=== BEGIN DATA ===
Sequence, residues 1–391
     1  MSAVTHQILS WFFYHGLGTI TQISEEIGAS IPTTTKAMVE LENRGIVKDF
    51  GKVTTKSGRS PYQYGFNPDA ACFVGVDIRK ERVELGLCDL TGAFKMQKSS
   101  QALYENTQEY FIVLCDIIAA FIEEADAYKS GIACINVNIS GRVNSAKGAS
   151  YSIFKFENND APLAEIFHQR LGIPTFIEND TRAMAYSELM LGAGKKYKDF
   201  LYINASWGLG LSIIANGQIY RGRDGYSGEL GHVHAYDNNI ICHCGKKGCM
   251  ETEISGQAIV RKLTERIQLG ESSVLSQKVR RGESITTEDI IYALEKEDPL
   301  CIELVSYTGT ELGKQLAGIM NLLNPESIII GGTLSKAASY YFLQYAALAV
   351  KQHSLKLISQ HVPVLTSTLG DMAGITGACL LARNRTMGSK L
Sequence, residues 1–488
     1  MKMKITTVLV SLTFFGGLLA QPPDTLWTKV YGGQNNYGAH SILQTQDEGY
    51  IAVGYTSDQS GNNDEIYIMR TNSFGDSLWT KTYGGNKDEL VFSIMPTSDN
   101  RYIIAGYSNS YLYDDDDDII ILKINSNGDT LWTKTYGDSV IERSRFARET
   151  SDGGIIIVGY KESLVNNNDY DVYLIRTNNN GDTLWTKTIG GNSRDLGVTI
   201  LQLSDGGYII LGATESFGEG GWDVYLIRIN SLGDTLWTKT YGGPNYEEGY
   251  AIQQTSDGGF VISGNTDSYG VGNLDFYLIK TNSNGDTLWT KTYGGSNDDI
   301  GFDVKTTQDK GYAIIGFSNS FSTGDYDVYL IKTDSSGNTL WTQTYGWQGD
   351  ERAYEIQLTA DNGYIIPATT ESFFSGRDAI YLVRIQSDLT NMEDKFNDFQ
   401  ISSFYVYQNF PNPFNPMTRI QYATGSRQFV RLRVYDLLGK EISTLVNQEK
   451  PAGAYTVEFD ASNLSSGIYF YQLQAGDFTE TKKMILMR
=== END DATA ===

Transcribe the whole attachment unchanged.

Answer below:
Sequence, residues 1–391
     1  MSAVTHQILS WFFYHGLGTI TQISEEIGAS IPTTTKAMVE LENRGIVKDF
    51  GKVTTKSGRS PYQYGFNPDA ACFVGVDIRK ERVELGLCDL TGAFKMQKSS
   101  QALYENTQEY FIVLCDIIAA FIEEADAYKS GIACINVNIS GRVNSAKGAS
   151  YSIFKFENND APLAEIFHQR LGIPTFIEND TRAMAYSELM LGAGKKYKDF
   201  LYINASWGLG LSIIANGQIY RGRDGYSGEL GHVHAYDNNI ICHCGKKGCM
   251  ETEISGQAIV RKLTERIQLG ESSVLSQKVR RGESITTEDI IYALEKEDPL
   301  CIELVSYTGT ELGKQLAGIM NLLNPESIII GGTLSKAASY YFLQYAALAV
   351  KQHSLKLISQ HVPVLTSTLG DMAGITGACL LARNRTMGSK L
Sequence, residues 1–488
     1  MKMKITTVLV SLTFFGGLLA QPPDTLWTKV YGGQNNYGAH SILQTQDEGY
    51  IAVGYTSDQS GNNDEIYIMR TNSFGDSLWT KTYGGNKDEL VFSIMPTSDN
   101  RYIIAGYSNS YLYDDDDDII ILKINSNGDT LWTKTYGDSV IERSRFARET
   151  SDGGIIIVGY KESLVNNNDY DVYLIRTNNN GDTLWTKTIG GNSRDLGVTI
   201  LQLSDGGYII LGATESFGEG GWDVYLIRIN SLGDTLWTKT YGGPNYEEGY
   251  AIQQTSDGGF VISGNTDSYG VGNLDFYLIK TNSNGDTLWT KTYGGSNDDI
   301  GFDVKTTQDK GYAIIGFSNS FSTGDYDVYL IKTDSSGNTL WTQTYGWQGD
   351  ERAYEIQLTA DNGYIIPATT ESFFSGRDAI YLVRIQSDLT NMEDKFNDFQ
   401  ISSFYVYQNF PNPFNPMTRI QYATGSRQFV RLRVYDLLGK EISTLVNQEK
   451  PAGAYTVEFD ASNLSSGIYF YQLQAGDFTE TKKMILMR